This hybrid recipe of Korean spiced chicken (dak) and Hungarian Chicken Paprikash is a celebration of the beauteous capsicum—oven roasted chicken legs with four types of capsicums (chilies/peppers). Chicken Paprikash would typically be served with dumplings or noodles, but I had mine with tteok (Korean rice cakes) and cabbage.
Did you know that capsicums did not become part of European and Asian cuisine until the 16th century? Chilies are from Mexico and were first cultivated in Peru. They were spread through Europe and Asia by the Portuguese. Imagine Szechuan and Thai food without hot chilies. Hungarian food without paprika. Korean food without gochugaru. All these cuisines got spice from peppercorns before the Columbian Exchange brought chilies from the Americas and Caribbean to the rest of the world.
I’m often struck by how similar Korean food can be to Ashkenazi Jewish dishes I grew up with. Korean food has more complexity of flavor, and many of the fermentations like gochujang (Korean chili paste) take months to years to make. Nevertheless, we share a love for things fermented and fishy. Then there are of course the radishes, cucumbers, carrots, and cabbage. It makes more sense when you think about the ways that most of Russia, Eastern Europe, and East Asia were under Mongolian occupation and share an ancestry with migratory indigenous peoples of Central Asia. Though the political centers of Moscow and St. Petersburg face Western Europe, Russia spans all the way to East Asia. The Tea Route trade route between Siberia, Mongolia, and China created pathways for continued trade over land. Though culturally Hungary and Hungarian food seems most connected to Germanic influences, it is in many ways the most Western outpost of strong Mongolian and East Russian/East Asian influence. Hungarian itself is a super fascinating and weird language, related only to Finnish and Estonian in Europe and a variety of indigenous East Russian and Asian languages (including Korean!).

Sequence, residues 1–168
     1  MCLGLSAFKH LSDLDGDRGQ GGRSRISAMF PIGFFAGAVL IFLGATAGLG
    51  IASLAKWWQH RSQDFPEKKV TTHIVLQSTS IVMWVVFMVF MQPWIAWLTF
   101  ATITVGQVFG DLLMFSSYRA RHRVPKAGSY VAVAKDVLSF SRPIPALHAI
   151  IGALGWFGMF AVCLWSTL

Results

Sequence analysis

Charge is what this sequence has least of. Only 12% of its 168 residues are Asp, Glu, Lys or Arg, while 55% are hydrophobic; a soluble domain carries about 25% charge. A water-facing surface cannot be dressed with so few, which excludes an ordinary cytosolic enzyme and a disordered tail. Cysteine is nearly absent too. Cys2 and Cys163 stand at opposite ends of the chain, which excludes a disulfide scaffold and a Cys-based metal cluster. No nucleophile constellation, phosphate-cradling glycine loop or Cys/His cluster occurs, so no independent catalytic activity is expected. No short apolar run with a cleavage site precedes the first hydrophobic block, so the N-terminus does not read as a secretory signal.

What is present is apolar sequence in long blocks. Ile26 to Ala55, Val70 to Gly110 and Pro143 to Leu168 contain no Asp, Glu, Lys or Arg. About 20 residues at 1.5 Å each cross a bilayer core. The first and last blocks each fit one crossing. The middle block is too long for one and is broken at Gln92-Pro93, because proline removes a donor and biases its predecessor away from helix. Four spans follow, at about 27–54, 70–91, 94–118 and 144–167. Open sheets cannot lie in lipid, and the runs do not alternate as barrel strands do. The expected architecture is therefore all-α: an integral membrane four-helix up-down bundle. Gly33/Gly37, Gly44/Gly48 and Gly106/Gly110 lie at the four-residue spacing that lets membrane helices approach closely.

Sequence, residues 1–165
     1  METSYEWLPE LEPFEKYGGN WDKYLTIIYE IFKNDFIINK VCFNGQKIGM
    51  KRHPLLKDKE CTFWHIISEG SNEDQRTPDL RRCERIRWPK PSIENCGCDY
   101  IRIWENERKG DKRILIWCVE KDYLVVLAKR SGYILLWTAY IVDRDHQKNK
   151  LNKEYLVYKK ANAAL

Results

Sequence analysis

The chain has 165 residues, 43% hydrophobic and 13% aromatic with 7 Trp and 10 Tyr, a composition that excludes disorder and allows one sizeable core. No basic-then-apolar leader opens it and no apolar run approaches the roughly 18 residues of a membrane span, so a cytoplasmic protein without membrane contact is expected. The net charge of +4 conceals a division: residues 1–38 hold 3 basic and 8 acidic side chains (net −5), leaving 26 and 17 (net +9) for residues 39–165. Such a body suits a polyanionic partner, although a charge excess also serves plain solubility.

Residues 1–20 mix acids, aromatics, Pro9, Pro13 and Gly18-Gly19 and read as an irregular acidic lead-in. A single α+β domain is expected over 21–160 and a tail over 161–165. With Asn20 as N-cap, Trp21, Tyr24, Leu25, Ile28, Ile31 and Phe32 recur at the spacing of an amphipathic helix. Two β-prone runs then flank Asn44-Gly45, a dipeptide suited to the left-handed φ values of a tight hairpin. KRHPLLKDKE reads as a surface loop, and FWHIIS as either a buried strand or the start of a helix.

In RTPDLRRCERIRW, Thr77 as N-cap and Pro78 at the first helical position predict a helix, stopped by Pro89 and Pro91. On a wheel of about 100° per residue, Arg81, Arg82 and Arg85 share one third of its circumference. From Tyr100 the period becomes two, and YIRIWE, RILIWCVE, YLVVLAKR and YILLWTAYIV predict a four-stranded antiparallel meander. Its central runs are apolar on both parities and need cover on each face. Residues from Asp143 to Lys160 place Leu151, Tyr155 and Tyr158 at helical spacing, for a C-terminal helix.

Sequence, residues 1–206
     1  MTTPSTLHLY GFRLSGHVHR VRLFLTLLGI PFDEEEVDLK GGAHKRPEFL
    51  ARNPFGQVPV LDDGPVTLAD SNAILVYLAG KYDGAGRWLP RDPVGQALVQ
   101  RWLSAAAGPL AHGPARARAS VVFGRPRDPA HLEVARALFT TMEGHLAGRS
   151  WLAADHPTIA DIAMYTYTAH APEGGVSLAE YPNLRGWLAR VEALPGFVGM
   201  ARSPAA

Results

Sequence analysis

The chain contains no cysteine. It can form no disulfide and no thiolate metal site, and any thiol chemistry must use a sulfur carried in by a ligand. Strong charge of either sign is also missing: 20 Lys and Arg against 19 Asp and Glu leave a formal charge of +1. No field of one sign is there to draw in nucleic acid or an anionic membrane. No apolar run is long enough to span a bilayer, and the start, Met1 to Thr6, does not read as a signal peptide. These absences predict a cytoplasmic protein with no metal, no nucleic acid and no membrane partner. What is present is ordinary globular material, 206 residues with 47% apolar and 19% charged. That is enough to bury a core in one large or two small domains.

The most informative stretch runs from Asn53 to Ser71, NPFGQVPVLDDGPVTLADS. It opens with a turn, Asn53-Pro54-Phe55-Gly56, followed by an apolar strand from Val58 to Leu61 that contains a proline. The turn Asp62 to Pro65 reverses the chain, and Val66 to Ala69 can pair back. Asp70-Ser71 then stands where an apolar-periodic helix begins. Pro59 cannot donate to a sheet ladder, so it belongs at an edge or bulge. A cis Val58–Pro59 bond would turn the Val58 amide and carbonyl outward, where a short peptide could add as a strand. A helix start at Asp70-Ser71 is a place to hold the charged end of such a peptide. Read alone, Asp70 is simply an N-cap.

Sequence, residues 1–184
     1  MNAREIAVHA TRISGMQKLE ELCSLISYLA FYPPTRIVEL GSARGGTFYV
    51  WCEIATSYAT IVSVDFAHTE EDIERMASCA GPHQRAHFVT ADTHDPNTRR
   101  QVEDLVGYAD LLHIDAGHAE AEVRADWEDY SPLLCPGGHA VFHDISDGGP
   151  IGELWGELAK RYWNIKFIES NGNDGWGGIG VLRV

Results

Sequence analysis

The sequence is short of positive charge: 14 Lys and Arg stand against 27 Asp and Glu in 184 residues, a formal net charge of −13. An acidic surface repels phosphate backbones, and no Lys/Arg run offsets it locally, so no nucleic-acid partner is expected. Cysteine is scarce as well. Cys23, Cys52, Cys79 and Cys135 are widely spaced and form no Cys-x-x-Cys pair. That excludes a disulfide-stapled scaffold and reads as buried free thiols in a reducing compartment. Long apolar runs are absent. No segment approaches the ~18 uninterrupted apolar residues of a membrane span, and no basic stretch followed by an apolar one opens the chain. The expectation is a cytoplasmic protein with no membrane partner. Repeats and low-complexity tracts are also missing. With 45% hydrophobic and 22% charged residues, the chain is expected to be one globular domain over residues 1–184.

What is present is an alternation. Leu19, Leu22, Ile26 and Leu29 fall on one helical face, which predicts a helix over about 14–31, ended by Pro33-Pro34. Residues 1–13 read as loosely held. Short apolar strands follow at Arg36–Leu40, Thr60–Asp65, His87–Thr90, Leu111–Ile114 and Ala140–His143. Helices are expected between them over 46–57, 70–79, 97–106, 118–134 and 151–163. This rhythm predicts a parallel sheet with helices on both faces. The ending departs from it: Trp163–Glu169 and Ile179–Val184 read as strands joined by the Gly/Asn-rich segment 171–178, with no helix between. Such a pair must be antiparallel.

Chicken Paprikash is, next to goulash, probably the most well-known and widely eaten Hungarian foods outside of Hungary. This is an oven baked paprikash-inspired sauce enlivened by gochujang and Thai chilies—perfect for a weeknight dinner.
This dish relies on high quality paprika and gochujang for flavor. Make sure your paprika is fresh (it goes bad quickly). Many gochujangs are thickened with wheat starch and flavored with msg instead of getting umami taste from the traditional long fermentation process. I really like Jook Jang Yeon brand. It is made from rice malt syrup instead of barley, so it is gluten free.
Serves 3-6, depending on how hungry you are!
Time: 1.5 hours, plus marinade time
6 whole chicken leg quarters or 8-10 chicken thighs, bone-in skin-on
2 tbsp sweet Hungarian Paprika
1 tbsp gochugaru or hot Hungarian paprika
2-4 bird's eye chilies (or to taste. Omit if you do not like spicy foods)
1 medium red onion, cut into chunks
1 small pear, cored and cut into chunks
5 cloves garlic, peeled
1/4 cup soy or tamari sauce
1/4 cup gochujang
1/8 cup unrefined sunflower oil (or neutral oil or peanut oil)
1/4 tsp mustard seeds
1/4 tsp ground coriander
fresh parsley and/or green onions to garnish (optional)
smetana (Russian sour cream) or creme fraiche to garnish (optional)
Rinse chicken legs to remove any odor from packing, then pat them dry. If you do not have time for a long marinade, sprinkle legs salt on both sides (amount depends on what type of salt you have. Use your best judgment and remember that the soy sauce and gochujang will be salty too). Set aside in a large casserole dish or sheet pan that fits all the meat.
Add all other ingredients besides the garnish into a food processor and process until everything is fully incorporated. Toss chicken pieces in the sauce, cover with plastic, and marinade for 4-24 hours in the fridge or 30 minutes on the counter.
Remove chicken from the fridge about 30 minutes before you plan to cook it so that it comes to room temperature. Preheat oven to 375. Cook chicken leg quarters at 375 for 50-65 minutes. The meat is done when the juices run clear. If you are using thighs only, cook for 45-50 minutes.
There will be a lot of extra marinade and chicken fat. If you want an additional sauce to serve with the chicken, remove chicken legs from the marinade and pour liquid into a saucepan. Skim off some of the fat. Cook over medium heat until the texture is similar to ketchup.
Garnish with herbs and smetana. Serve with tteok, spatzl, white rice, egg noodles, or potatoes.